Google's first hardware collaboration with LG brought us the Nexus 4. Like the Nexus 7, the Nexus 4 followed a philosophy of bringing as much power and quality as possible to a reasonably affordable price point. The Nexus 4 definitely wasn't a perfect phone, but it was certainly good relative to its price, and it showed that a phone can still be good even if it doesn't cost $600. About one year later Google and LG collaborated again to bring us the Nexus 5, a device which I and many other users fondly remember as an affordable phone that actually brought many of the specifications you would expect to see in a device that was priced significantly higher.

While I'm sure many hoped that 2014 would bring the next iteration of an LG Nexus device, it wasn't meant to be. Instead we got the Nexus 6 made by Motorola, which didn't really follow the pricing philosophy of the LG Nexus devices, and wasn't very competitive with devices like the Galaxy Note 4 despite its equivalent cost. At that point the future of affordable Nexus devices was unclear, and I wasn't even sure if we'd see a true successor to the Nexus 5. Fortunately, this year is the year that LG returns to bring us the next iteration of their Nexus phones, with the new device appropriately being named the Nexus 5X. With two years of hardware advancements between releases the expectations are high for this new phone, and you can check out its specs below.

  Google Nexus 5 Google Nexus 5X
SoC Qualcomm Snapdragon 800 (MSM8974)
4 x Krait 400 @ 2.26GHz
Qualcomm Snapdragon 808 (MSM8992)
​4 x Cortex A53 @ 1.44GHz
2 x Cortex A57 @ 1.82GHz
GPU Adreno 330 @ 450MHz Adreno 418 @ 600MHz
RAM 2GB LPDDR3
NAND 16/32GB
Display 4.95" 1920x1080 IPS LCD 5.2" 1920x1080 IPS LCD
Dimensions 137.84 x 69.17 x 8.59mm, 130g 147.0 x 72.6 x 7.9 mm, 136g
Camera 8MP Rear-Facing, f/2.4, 1.4 μm
1.2MP Front-Facing, F/2.2
12.3MP Rear-Facing, f/2.0, 1.55 μm
5MP Front-Facing, F/2.0, 1.4 μm
Battery 2300 mAh 2700 mAh
Launch OS Android 4.4 KitKat Android 6.0 Marshmallow
Cellular Connectivity 2G / 3G / 4G LTE (Qualcomm MDM9x25 UE Category 4 LTE) 2G / 3G / 4G LTE (Qualcomm X10 LTE)
Other Connectivity 1x1 802.11a/b/g/n/ac + BT 4.0, Micro-USB 2.0 2x2 802.11a/b/g/n/ac + BT 4.2, USB Type-C 2.0
SIM MicroSIM NanoSIM
Launch Price $349 (16GB) $379 (16GB)

Based on the specs you see on paper the Nexus 5X appears to represent an improvement over the Nexus 5 in every respect. Of course, it would be shocking if the successor to a two year old device didn't improve on it in every way, but we've actually seen some flagship Android phones regressing this year so such a scenario wouldn't be far removed from reality. The SoC moves from Snapdragon 800 to 808, but both the RAM and the internal storage remain the same. The display is slightly bigger, and with that comes a larger chassis and battery. The cameras receive significant upgrades, and I'll be talking about that in much more depth later in the review. Finally, both LTE and WiFi speeds receive a boost, and the starting price does jump a bit to $379 from the Nexus 5's $349.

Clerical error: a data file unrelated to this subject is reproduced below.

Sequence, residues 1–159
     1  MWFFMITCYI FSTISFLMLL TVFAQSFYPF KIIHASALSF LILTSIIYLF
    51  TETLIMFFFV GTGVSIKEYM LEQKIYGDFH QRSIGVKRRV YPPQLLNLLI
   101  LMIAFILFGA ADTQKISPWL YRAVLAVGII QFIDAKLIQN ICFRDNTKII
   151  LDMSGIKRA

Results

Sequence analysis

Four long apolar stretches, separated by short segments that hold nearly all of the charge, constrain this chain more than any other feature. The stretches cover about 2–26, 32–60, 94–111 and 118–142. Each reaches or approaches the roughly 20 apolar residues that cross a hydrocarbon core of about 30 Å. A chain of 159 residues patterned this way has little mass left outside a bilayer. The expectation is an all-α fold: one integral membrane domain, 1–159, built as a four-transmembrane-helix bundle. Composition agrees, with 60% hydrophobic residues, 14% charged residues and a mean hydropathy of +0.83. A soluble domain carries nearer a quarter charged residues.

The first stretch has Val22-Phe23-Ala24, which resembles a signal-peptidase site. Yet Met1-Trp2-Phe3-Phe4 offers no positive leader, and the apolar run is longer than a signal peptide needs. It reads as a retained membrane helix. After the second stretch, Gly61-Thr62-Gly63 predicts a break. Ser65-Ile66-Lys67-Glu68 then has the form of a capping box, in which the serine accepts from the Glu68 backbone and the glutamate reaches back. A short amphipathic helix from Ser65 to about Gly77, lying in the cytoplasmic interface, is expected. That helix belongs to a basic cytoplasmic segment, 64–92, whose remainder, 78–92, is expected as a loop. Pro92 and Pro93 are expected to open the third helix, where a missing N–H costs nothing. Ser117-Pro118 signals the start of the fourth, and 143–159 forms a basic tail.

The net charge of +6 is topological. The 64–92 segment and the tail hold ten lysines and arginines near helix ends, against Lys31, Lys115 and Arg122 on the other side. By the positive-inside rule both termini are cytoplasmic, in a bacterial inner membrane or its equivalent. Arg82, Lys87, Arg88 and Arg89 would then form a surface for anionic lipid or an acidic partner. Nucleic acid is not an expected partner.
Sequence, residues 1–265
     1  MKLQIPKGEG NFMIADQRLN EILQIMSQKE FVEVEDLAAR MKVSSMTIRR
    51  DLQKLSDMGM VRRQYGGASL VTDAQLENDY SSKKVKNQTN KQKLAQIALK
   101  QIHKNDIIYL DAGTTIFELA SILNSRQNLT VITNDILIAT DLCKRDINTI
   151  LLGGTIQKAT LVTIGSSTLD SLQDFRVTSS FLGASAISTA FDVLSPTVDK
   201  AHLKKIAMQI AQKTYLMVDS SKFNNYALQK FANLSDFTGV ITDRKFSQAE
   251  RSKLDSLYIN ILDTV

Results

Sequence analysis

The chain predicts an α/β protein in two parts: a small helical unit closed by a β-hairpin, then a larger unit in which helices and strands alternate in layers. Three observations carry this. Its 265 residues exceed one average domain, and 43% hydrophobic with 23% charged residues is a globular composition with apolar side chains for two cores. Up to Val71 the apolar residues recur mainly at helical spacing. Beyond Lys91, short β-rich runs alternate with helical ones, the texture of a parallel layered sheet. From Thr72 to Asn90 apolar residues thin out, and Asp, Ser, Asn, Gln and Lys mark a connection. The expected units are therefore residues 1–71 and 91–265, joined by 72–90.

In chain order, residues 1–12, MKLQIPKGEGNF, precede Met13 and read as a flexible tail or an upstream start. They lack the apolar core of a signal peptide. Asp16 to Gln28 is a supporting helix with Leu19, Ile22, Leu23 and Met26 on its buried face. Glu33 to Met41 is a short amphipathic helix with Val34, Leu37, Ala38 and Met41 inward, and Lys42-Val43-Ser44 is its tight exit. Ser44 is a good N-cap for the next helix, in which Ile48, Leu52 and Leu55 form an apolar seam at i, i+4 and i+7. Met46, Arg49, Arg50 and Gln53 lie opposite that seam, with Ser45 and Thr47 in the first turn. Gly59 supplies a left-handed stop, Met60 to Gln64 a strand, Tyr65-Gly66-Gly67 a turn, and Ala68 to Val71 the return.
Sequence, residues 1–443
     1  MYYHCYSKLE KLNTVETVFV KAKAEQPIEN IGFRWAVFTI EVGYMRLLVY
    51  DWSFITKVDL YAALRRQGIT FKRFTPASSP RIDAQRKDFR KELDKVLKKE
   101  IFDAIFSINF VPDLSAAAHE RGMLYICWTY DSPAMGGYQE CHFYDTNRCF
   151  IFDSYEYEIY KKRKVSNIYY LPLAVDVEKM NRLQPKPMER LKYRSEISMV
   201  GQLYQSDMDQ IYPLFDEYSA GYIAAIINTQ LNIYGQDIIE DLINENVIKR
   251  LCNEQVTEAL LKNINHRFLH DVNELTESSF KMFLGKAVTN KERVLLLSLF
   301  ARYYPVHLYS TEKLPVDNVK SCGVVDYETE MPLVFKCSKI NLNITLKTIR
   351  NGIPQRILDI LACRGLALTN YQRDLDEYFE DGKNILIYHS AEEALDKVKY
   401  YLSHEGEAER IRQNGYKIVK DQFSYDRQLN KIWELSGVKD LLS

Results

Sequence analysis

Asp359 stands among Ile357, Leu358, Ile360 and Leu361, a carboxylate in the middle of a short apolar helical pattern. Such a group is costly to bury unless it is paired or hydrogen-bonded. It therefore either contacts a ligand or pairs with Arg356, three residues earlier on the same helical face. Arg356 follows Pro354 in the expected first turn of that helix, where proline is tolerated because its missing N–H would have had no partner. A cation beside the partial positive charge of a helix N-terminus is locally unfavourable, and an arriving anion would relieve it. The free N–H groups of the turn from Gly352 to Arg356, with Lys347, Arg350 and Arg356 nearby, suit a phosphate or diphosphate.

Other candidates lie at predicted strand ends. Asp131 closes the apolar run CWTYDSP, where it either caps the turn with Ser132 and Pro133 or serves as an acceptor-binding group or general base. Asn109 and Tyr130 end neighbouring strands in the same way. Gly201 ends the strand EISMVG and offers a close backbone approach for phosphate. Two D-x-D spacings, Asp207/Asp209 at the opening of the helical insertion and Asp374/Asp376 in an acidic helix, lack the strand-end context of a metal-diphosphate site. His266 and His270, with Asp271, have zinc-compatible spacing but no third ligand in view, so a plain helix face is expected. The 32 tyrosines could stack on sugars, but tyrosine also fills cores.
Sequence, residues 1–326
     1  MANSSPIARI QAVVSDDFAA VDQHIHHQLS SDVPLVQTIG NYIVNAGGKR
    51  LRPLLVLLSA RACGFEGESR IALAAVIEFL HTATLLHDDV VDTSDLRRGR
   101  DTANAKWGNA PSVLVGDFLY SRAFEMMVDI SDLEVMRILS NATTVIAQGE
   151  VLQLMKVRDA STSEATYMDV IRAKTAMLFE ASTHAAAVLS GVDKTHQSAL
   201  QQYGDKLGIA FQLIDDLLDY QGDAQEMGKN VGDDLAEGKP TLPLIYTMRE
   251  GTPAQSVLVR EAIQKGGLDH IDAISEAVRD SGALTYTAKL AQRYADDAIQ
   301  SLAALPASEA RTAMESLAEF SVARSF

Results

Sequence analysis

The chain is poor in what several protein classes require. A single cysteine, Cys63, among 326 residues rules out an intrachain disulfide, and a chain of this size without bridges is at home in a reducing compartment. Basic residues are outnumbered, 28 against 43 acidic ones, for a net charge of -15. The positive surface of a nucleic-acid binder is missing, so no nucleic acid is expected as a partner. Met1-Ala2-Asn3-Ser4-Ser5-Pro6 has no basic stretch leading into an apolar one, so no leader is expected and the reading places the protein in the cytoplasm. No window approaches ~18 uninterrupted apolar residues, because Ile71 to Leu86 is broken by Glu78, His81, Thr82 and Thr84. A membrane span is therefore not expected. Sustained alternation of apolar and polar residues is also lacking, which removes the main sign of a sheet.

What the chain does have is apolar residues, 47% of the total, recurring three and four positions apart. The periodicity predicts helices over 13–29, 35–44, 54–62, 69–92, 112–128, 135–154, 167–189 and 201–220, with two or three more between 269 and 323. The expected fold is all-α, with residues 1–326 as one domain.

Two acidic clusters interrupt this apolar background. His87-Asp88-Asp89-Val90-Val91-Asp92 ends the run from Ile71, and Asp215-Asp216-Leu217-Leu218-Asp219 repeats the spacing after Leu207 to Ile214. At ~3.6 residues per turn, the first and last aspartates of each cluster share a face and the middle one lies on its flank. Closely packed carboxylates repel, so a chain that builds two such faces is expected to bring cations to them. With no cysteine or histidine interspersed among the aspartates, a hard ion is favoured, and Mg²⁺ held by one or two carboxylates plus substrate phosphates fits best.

Design

One can't really discuss the design of the Nexus 5X without comparing it to the Nexus 5. Both devices are made by LG, and when looking at the two phones one can clearly see that they use similar materials and share visual characteristics. However, the body of the Nexus 5X definitely diverges from the Nexus 5 in a number of ways, and I think the changes ultimately make for a more refined and cohesive design.

From the back it's made even clearer how the design of the Nexus 5X has matured from the Nexus 5. Google has moved the camera to the center of the back, much like its position on the Nexus 6. Beneath it is a fingerprint scanner, which Google brands as Nexus Imprint, and it's something I'll be discussing later in the review. To the left of the camera is the IR laser which handles the camera's auto-focus. The camera itself definitely has a significant hump, with it being about the same thickness as the hump on the Samsung Galaxy S6. We can talk about how this means the device isn't perfectly flat on a table and won't slide through a slot with a width of exactly 7.9mm, but if the end result is a much better camera then I'm honestly fine with the trade off, even if it might be viewed as somewhat unsightly.

The most striking difference is actually a fairly subtle one, which is the curvature of the corners and edges of the phone. On the Nexus 5 the top and bottom edges were actually curved, and they changed to the flat left and right edges at fairly sharp corners. On the Nexus 5X all the edges of the phone are flat, and there's a much more consistent curve at the corners as the edges are perpendicular rather than meeting at an angle greater than 90 degrees.

Like the Nexus 5, the 5X has a noticeable seam between the back cover and the front of the phone. This is more noticeable on the dual-tone quartz and ice colored versions, because the color abruptly changes to black. Like the corners of the phone, the back cover now curves toward the edges of the chassis, rather than changing abruptly with very little curvature like the Nexus 5 did. One could argue that all of these changes actually makes the device less-than-unique, as the more angular design of the Nexus 5 allowed it to stand out. While this is definitely true to an extent, the phone is still clearly a Nexus device, and you wouldn't confuse it with an iPhone or a Samsung Phone, or really even an LG-branded phone.

A small detail that's worth mentioning is a change in the volume and power buttons. Unlike the Nexus 5 they're now all on the right side. When I first got a device that used this arrangement it definitely took time to get used to, but now I don't really have any qualms with it. What is worth noting is that the power button doesn't have the etched texture that the one on the Nexus 6 did, but Google has spaced the buttons out an appropriate amount to ensure that you can tell whether you're touching the volume rocker or the power button. The material of the buttons has been changed though. The Nexus 5 used ceramic buttons that were much sharper and more slippery than the rest of the chassis, but on the 5X the buttons are made of the same plastic as the sides of the phone. I personally thought the ceramic buttons actually just made it harder to feel which side of the volume rocker you were on, and I have no complaints about the change on the 5X.